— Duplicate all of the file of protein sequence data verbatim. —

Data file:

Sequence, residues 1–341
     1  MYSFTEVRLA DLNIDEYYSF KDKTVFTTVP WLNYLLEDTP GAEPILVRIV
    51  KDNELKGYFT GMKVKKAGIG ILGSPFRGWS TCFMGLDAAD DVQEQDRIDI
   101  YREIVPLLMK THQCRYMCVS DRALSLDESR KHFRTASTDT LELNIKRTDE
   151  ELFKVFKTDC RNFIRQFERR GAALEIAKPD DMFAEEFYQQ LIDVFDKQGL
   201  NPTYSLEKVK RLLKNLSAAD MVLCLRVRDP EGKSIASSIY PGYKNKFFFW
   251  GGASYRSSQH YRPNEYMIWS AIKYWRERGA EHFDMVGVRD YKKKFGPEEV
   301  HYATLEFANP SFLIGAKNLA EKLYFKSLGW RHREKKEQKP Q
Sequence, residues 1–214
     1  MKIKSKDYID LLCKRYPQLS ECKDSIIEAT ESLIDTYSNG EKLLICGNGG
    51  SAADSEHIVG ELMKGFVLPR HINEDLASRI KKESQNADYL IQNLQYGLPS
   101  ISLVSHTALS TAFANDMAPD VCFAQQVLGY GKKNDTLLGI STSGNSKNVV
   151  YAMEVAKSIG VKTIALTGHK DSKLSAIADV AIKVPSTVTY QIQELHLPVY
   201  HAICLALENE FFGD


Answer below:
Sequence, residues 1–341
     1  MYSFTEVRLA DLNIDEYYSF KDKTVFTTVP WLNYLLEDTP GAEPILVRIV
    51  KDNELKGYFT GMKVKKAGIG ILGSPFRGWS TCFMGLDAAD DVQEQDRIDI
   101  YREIVPLLMK THQCRYMCVS DRALSLDESR KHFRTASTDT LELNIKRTDE
   151  ELFKVFKTDC RNFIRQFERR GAALEIAKPD DMFAEEFYQQ LIDVFDKQGL
   201  NPTYSLEKVK RLLKNLSAAD MVLCLRVRDP EGKSIASSIY PGYKNKFFFW
   251  GGASYRSSQH YRPNEYMIWS AIKYWRERGA EHFDMVGVRD YKKKFGPEEV
   301  HYATLEFANP SFLIGAKNLA EKLYFKSLGW RHREKKEQKP Q
Sequence, residues 1–214
     1  MKIKSKDYID LLCKRYPQLS ECKDSIIEAT ESLIDTYSNG EKLLICGNGG
    51  SAADSEHIVG ELMKGFVLPR HINEDLASRI KKESQNADYL IQNLQYGLPS
   101  ISLVSHTALS TAFANDMAPD VCFAQQVLGY GKKNDTLLGI STSGNSKNVV
   151  YAMEVAKSIG VKTIALTGHK DSKLSAIADV AIKVPSTVTY QIQELHLPVY
   201  HAICLALENE FFGD